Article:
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Mahler Review, BBC Philharmonic

Femke Colborne falls for Beyonce's much old cousin

Written by . Published on September 26th 2011.

Mahler Review, BBC Philharmonic

WHAT do Beyonce and Gustav Mahler have in common? More than you might think, according to a recent biography of the Austrian composer by classical music buff Norman Lebrecht. The pair are cousins four times removed: members of Mahler’s family moved to the US in the late 1800s and apparently became acquainted with some of Beyonce’s relatives. 

The feeling of tension built as the cellos played more thumping bass lines with the same passion, stray hairs already hanging from their bows. 

There was no bling or booty-shaking at the Bridgewater Hall on Saturday night, when the BBC Philharmonic performed Mahler’s gigantic Symphony No 2. But like his cousin, Mahler enjoyed a spectacle. His second symphony is one of the biggest pieces in the symphonic repertoire, requiring 10 horns, eight trumpets, a huge percussion section, two soloists, a choir, and an organ, and it contains some of the most earth-shattering moments of any symphony. 

To add to the sense of occasion, this was the BBC Phil’s first official concert under its new chief conductor Juanjo Mena. The Spanish maestro has been working with the orchestra since his appointment was first announced in July 2010, but tonight marked the official start of his tenure. It was also a new beginning for the orchestra in another sense – the start of its first season based in shiny new studios at the BBC’s new MediaCityUK complex in Salford Quays. 

And what a way to kick things off. At some concerts there is just something in the air; no one knows where it has come from, but both the players and the audience can sense it. This was one of those concerts. 

It helped that there was a very good audience, obviously keen to come and hear how the orchestra would perform under Mena. They got their answer in the first few bars: the cellos played their menacing opening line with a precision, commitment and character that would be sustained by everyone else in the orchestra throughout the rest of the piece. 

The first movement was played with stunning rhythmic precision, Mena drawing a beautifully rounded and full sound from the violins. The feeling of tension built as the cellos played more thumping bass lines with the same passion, stray hairs already hanging from their bows. Mena leant closely over the violins, willing them to give more – although it was hard to see how they could. 

The second movement provided a stark contrast – a brighter, more dance-like affair that required a much lighter touch. And the orchestra provided it, dispatching the challenging pizzicato section with confidence and class.

Before the audience had a chance to shuffle in their seats, the timpani came crashing in to introduce the third movement. This was a different style again – a kind of macabre waltz with the tune oscillating around the different sections of the orchestra. There was an excellent clarinet solo and impressive control from the solo piccolo, and the calamitous noise at the end of the moment was just one of many roof-raising moments.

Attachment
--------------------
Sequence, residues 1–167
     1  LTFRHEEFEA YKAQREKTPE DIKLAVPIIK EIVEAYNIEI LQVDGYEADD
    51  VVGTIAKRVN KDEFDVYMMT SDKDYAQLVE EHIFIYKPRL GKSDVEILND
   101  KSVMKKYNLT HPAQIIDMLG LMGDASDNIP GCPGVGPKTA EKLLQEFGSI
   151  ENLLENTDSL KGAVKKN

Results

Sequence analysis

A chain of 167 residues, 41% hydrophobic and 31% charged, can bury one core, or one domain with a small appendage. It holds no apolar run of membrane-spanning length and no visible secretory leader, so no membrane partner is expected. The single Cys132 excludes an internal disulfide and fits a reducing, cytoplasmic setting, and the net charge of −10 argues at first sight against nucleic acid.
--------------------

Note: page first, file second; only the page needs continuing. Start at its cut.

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The fourth movement began with the sound of a solo mezzo soprano appearing from somewhere within the orchestra, and it took me several seconds to establish that Iris Vermillion had been positioned stage right in front of the horns. The staging worked well, establishing a sense of togetherness between the soloists and the orchestra. This serene, longing fourth movement was an interlude of calm, preparing us for the overwhelming passion of the finale. 

Then the London Symphony Chorus, who had been waiting patiently in the choir stalls all evening, finally got their moment to shine. Their first notes were quiet and contained, and the audience held their breath as they were joined by the muffled sound of trumpets and horns off stage. There were more solo sections here from Vermillion too, and from soprano Ailish Tynan, who did a great job after being drafted in at the last minute to replace Susan Gritton. 

And the best was still to come. I didn’t know how they could possibly get any louder, but the sound they produced in the incredibly moving finale was on another level again – not in decibels, but in sound weight and quality. 

Before this concert, I had wondered what a Spanish conductor might bring to this heavy and serious Germanic music. I don’t know what Mena did to the BBC Phil, but it worked. He and the orchestra have been working closely together now for more than a year, settling into each other and establishing a partnership – and it shows.

But the real star of the evening was, of course, Mahler, for having created such an amazing piece of music that is still being performed with such enthusiasm some 120 years after it was written. Will Beyonce’s songs still provoke such passion in 120 years? 

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AnonymousSeptember 28th 2011.

Couldn't agree more. Was a BRILLIANT concert!!!

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